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What are alternative ways to express that something that was added to a thing doesn't add any value to it?

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5 Answers

up vote 3 down vote accepted

You could say:

The Thing contributes nothing of use/value to That.

or maybe:

The Thing provides no benefit to That.

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You could say it's superfluous, or surplus to requirements.

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There's an idiom which captures the meaning. It is: 'to gild the lily'

However, use with caution as it just doesn't mean that "something that was added to a thing didn't add any value to it". It sometimes, is also interpreted as: " that something also made something beautiful worse in trying to make it better."

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I didn't know that idiom, thanks for share it :) I will accept the @FrustratedWithFormsDesigner answer since it adapts better to my scenario, but I'm upvoting your answer :) –  Diego Jan 19 '12 at 15:02
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Gild the lily - means to spoil something by trying to make it better when it's already good enough.. A good idiom, but yet it's not what Diego needed.. –  Desert Jan 19 '12 at 15:59
    
please, add some examples of usage –  Jhonny D. Cano -Leftware- Jan 19 '12 at 16:15
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The other term commonly used in lean manufacturing is muda. Muda (un-usefulness) is one of three types of waste which are recognized in lean manufacturing; the other two are mura (unevenness) and muri (unreasonableness).

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Hmm. I'd question whether these terms could reasonably be called part of English usage outside of Japanese-influenced manufacturing facilities. –  FumbleFingers Jan 19 '12 at 15:00
    
The Toyota Production System is the model for lean manufacturing. Lean manufacturing has, consequently, borrowed words from the Japanese language. It's a technical vocabulary spoken by a small population, but plainly not Japanese. If you Google [ muda mura muri ] you'll see many, many industry articles in English which use these terms. –  MετάEd Jan 19 '12 at 15:04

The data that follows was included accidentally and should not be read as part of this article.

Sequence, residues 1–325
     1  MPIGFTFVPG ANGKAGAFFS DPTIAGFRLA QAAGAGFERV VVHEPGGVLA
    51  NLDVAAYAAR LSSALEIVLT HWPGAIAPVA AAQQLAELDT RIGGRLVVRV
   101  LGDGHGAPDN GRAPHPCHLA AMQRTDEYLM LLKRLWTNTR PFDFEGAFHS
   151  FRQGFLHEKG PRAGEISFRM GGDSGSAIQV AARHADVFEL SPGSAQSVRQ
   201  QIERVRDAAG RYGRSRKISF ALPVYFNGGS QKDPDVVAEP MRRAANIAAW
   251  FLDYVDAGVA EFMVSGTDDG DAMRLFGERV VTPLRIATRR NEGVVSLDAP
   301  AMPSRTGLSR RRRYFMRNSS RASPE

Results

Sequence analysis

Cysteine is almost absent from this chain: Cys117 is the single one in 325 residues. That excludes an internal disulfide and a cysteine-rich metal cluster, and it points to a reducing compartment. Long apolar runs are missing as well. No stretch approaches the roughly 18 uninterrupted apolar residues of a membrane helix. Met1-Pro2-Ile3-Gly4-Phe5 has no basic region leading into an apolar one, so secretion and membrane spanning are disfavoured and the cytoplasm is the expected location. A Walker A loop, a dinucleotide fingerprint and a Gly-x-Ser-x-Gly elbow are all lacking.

I've never heard these terms. I accept your statement that they are widely understood in this one particular field, but if you used them in other contexts, few would know what you were talking about. You could, of course, use them and give an explanation of what they mean and where they come from, and perhaps start a "movement" toward their greater acceptance. But you can't just use them without explanation and expect to be understood. –  Jay Jan 19 '12 at 15:42
    
@Jay Yes, I completely agree. Since the OP's topic, added value, is the central focus of lean, I felt these new words should be highlighted anyway, on the chance that the OP is getting started with lean and should learn these terms. –  MετάEd Jan 19 '12 at 15:51
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The phrase bells and whistles refers to superficially attractive elements which are non-essential or non-differentiating, especially in items which compete on multiple features (e.g. software, finished goods, excursions, even compensation packages):

The redesign doesn't address the flashlight's weak bulb or flimsy switch. It merely adds a clock that displays Greenwich time and a third case color, and other bells and whistles.

This phrase has been particularly popularized since the rise of consumer electronics, but English has many colorful words for superfluous ornamentation or decoration: frills, or more informally, doodads, jazz, gewgaws, falderol, or gimcrackery for example.

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